By Holli Harms
Randy Sharp’s new adaptation of Henry James’ novel Washington Square is a beautifully staged, perfectly acted, chronicle of the Sloper family in 1840s New York. Mid-19th century New York was a time when proper men and women acted just that, properly; proper ways to sit, walk, stand, talk, and eat. Rituals of propriety were everything and large movements or emotions were scorned.
Washington Square is the story of Catherine Sloper, the child of a prestigious and well-to-do doctor, and niece to an elderly romantic aunt Penniman. Catherine is nothing that her father wanted. She is not beautiful. She is not proper. She is clumsy. She is awkward. She walks too fast when she should be moving slowly and too slow when she should be moving with determination. She is all wrong in both society’s eyes and her father’s. Catherine is clumsy but her clumsiness is endearing and her innate joie de vivre, played with open childlike perfection by Britt Genelin, has us all rooting for her.
For her father the doctor, played with humorless military precision by George Demas, she leaves him with discontent. He has resigned himself to the truth that no young, nor old even, man would ever want to court, let alone marry, his unfortunate child.
Then one day a supposed prince charming, Morris Townsend, appears at Catherine’s doorstep. Jon McCormick’s Townsend is himself a lost soul, an outsider who appears to find in Catherine a soulmate. He quickly woos her. He appears to understand and appreciate Catherine’s inner beauty, sincerity, innocence, and purity, while her father is outraged by Townsend. He appears and seems but is he for real? The Doctor does not believe for one moment that this handsome young man is smitten by his daughter. Clearly, Townsend with no job and no trust fund is courting his drab child for her money. She is worth $30,000 a year. $10,000 of that is from her successful doctor father, but the larger portion, the $20,000 a year, was left to her by her heiress mother who just to complicate things, died after childbirth. Catherine’s mother was born wealthy. She met Catherine’s father when he was a lowly student of medicine. Could we argue that the doctor took advantage of that situation himself? We could, but the doctor vehemently stands by “his” truth that he met Catherine’s mother when he already had a prosperous career on the horizon and Mr. Townsend has nothing. What money Townsend had he squandered away on extravagant food and fun. Catherine’s father makes it his mission to keep Catherine and Morris Townsend apart. Undercutting the doctor’s actions is romantic overly zealous Aunt Penniman, played with the energy of a 16-year-old and brass band humor by Dee Pelletier. Penniman is enamored by Townsend, she believes completely in his love and commitment to Catherine.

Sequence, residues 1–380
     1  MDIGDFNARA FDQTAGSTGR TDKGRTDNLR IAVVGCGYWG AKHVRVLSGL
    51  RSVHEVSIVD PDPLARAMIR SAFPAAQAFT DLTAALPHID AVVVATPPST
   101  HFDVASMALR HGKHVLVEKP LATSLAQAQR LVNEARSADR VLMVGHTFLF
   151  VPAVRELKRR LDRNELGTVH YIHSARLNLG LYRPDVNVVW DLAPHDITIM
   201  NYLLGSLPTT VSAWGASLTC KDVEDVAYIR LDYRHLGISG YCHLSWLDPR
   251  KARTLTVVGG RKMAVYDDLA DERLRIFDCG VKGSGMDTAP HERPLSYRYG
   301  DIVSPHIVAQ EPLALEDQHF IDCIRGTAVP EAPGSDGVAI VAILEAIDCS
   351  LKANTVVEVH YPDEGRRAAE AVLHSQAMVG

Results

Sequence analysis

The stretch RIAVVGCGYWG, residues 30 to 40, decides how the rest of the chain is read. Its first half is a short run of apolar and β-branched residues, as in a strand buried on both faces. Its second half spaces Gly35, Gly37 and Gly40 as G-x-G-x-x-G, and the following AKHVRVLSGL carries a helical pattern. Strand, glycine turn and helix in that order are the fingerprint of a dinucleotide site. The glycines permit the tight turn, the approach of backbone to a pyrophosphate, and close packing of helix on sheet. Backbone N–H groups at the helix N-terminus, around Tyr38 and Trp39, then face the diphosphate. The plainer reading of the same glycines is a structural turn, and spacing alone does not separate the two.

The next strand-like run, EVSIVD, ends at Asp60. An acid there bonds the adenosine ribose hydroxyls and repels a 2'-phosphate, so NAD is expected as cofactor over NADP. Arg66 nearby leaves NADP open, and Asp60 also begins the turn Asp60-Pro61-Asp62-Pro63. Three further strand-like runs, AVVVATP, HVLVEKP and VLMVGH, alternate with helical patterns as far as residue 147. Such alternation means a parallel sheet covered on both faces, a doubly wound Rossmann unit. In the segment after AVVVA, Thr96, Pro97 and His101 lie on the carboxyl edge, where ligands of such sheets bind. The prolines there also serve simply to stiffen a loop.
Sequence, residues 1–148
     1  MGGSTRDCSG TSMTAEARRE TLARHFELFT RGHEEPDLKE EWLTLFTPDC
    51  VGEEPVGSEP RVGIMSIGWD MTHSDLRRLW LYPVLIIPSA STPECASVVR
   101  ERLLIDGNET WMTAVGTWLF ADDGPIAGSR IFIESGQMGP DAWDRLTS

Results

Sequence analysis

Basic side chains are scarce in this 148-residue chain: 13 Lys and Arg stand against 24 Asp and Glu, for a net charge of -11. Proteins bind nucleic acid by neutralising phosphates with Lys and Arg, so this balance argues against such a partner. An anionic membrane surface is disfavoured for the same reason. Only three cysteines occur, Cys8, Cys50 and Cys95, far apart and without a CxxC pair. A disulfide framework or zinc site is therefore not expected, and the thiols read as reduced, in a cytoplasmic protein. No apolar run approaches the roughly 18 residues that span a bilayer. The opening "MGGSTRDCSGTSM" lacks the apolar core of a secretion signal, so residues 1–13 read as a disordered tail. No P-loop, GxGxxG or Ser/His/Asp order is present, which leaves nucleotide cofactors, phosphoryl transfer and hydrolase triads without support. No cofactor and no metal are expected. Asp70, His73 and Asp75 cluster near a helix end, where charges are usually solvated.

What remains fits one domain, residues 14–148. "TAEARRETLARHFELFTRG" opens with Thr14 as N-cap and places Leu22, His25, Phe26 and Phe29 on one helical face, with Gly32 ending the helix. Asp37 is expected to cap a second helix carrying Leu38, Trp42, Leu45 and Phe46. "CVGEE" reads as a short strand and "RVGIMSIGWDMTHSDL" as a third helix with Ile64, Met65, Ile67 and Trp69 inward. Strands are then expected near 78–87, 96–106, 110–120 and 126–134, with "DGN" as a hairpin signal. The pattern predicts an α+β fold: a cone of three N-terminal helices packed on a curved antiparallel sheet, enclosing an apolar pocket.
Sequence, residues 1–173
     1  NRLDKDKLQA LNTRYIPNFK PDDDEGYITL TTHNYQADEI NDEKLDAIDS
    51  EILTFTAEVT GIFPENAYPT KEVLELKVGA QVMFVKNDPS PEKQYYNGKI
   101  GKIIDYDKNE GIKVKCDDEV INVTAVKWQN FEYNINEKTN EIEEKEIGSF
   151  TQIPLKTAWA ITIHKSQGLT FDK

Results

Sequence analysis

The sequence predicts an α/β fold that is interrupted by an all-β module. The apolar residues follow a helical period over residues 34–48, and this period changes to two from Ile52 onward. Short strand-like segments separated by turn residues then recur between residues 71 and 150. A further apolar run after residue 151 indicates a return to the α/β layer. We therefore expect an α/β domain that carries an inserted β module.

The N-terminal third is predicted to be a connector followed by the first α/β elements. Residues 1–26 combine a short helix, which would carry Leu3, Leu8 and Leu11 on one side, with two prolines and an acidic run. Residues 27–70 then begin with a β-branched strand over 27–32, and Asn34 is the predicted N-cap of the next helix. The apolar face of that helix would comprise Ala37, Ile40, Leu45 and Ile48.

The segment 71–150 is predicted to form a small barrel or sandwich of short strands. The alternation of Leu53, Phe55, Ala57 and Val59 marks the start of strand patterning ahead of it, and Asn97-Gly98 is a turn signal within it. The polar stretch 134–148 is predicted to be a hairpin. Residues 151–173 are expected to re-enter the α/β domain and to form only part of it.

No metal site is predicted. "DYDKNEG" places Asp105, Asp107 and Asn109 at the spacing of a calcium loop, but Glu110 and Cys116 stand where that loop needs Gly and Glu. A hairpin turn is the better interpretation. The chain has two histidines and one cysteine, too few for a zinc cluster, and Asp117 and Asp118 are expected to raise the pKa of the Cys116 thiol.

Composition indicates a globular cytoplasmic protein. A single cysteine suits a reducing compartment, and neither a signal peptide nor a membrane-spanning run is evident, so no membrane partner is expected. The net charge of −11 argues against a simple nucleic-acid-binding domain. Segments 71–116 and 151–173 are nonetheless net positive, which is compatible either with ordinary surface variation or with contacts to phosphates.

This spider web of desires and wants, of truths and lies, of hidden meetings and courtships, of repression and liberty is a musical composition of words and movement requiring a certain silence and a constant flow. Every moment of this 85-minute production is full and engaging, even the quiet moments, the transitional moments. Director Randy Sharp has, it feels, created a staging of movement, not just of bodies but of time, that seamlessly moves the story forward. In this timeless play of female suppression, a hand goes up, a turn is made, a change in position, and we are in another day, another hour, another time.
The actors are as fluid and flawless as the writing and staging. The music composed by Paul Carbonara is part of this amazing production of sweeping compositions.
Washington Square A New Adaptation from the Henry James Novel
Written & Directed by Randy Sharp
with: George Demas, Britt Genelin, Jon McCormick, Dee Pelletier
writer/director: Randy Sharp, sound designer/original music: Paul Carbonara
stage manager: Regina Betancourt, asst. stage manager: Laurie Kilmartin, asst. director: Andrew Dawson, dramaturge: Marc Palmieri, light designer: David Zeffren, assistant light designer: Amy Harper
costume designer: Karl Ruckdeschel, Hair pieces provided by The Wig Associates
A special thank you to tdf Costume Collection, prop design/construction: Lynn Mancinelli
Artistic Director – Randy Sharp
Producing Director – Brian Barnhart
Executive Producer – Jeffrey Resnick
Washington Square October 5 – 29, 2022, Wednesdays – Saturdays at 8pm
TICKETS HERE: Adults $30; Seniors/Students $20; Artists/Under 30 $10; Veterans & Active U.S. Service Members and Their Families, FREE
Running Time: 85 minutes with no intermission. Due to the configuration of the theater, late seating cannot be permitted.
A face mask is now strongly encouraged inside the theater.
Axis Theater will offer flexible options for exchanging tickets and account credit if you cannot attend a performance due to illness or recent COVID-19 exposure.